Most of the people with whom I work worry about not having enough time.
Correction...every person I coach worries about not having enough time to complete their writing project.
This made me wonder...is it really true that no one has enough time or do we just use time pressure to motivate us into action?
As scholar of narrative, I pay very close attention to how people "story" themselves and their lives.
There is a narrative of time scarcity that flies around like a bat loose in a barn. Everybody below screaming, Time scarcity! Time scarcity!"
When you think about how much time it took to write a book just 30 years ago before laptops and personal computers, then you wonder...can it really be true? Is time missing?
I'm encouraging people (myself included) to consider the possibility that we actually have all the time we need. Assume that we are in the perfect place in our projects and everything is on schedule. Then START!
Stoic Theory of Time
The stoic philosophers thought a great deal about time. They did not see time as something real but rather "incorporeal" and always relative to something else.
They understood its flexibility. Their model allowed them to consider that an entire year as the present.
The point of all this is that time can be warped. You can think of five minutes that felt like an eternity (physical pain often) and a summer vacation that went by in a flash.
Given time's incorporeal nature and warping ability, why not assume that whatever we have is enough?
So let's all take a deep breath, sit down and start.
Overcome the "embarrassment syndrome" in writing...
Students get stuck with writing in all kinds of places! Even when I overcome one obstacle a new challenge presents itself.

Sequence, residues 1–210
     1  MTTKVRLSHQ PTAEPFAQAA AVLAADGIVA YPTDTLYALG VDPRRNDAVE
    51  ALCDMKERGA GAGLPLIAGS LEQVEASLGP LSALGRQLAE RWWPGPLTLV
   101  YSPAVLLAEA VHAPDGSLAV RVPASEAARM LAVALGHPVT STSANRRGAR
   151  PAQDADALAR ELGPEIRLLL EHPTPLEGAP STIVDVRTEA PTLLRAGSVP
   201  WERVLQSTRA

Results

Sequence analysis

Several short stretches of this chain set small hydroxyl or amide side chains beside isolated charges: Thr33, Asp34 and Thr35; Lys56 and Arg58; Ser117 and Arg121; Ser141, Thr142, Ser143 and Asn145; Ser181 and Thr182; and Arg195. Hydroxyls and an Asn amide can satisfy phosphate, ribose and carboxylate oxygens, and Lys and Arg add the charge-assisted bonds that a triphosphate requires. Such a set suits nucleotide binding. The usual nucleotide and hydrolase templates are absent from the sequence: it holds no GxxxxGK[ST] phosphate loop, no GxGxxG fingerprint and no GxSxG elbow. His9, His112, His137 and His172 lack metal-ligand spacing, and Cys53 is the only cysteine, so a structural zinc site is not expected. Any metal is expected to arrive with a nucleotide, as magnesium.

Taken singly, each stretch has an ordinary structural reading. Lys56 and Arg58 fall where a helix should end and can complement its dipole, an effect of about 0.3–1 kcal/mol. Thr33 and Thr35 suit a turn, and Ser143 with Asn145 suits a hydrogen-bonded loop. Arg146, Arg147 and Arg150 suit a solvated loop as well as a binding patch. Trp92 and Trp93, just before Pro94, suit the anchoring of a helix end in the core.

This month, I noticed a number of colleagues suffering from the "Embarrassment Syndrome."
They did not want their advisers to see their, as Anne Lamott would say, their "shitty first drafts." Or even their shitty second drafts.
They are embarrassed.
I'm Sorry You Have "Muffin Top"
I told one colleague, "you just need to let your adviser into your changing room." She laughed and like the analogy so I am sharing it with you.
Your advisers are for writing what your good friends are when shopping. A good friend tells you if the jeans you tried on give you muffin top or if that color makes you look like you have a hangover.
Have you ever been to a dressing room that has three or more mirrors? You see all sides of yourself...and sometimes it's horrifying. That's what a good adviser does...they act as the multiple mirror system. They help you see your blindspots not to mock you; they do it to help you fix it.
I deliberately picked committee members who live in my blindspots. My chair helped me see assumptions I was making and my other committee member always caught when my thinking got sloppy and incomplete.
I let them see me messy and while it was uncomfortable at first eventually I got used to them being in my dressing room and commenting on my work.
Faculty Have Shitty Drafts Too
The Chair of our Doctoral Program told me he wants to reinstate a program that invites students to working sessions with faculty. In these sessions faculty bring really rough drafts and students can see the process of working through from crap to published.
You can hide until your work is perfect. The impact, however, is that you risk set backs and missing out on the incredible opportunity of working together.
Moving quickly with support is worth a little criticism, don't you think?
Pop a little draft of something to your adviser today...
Sarah Federman, PhD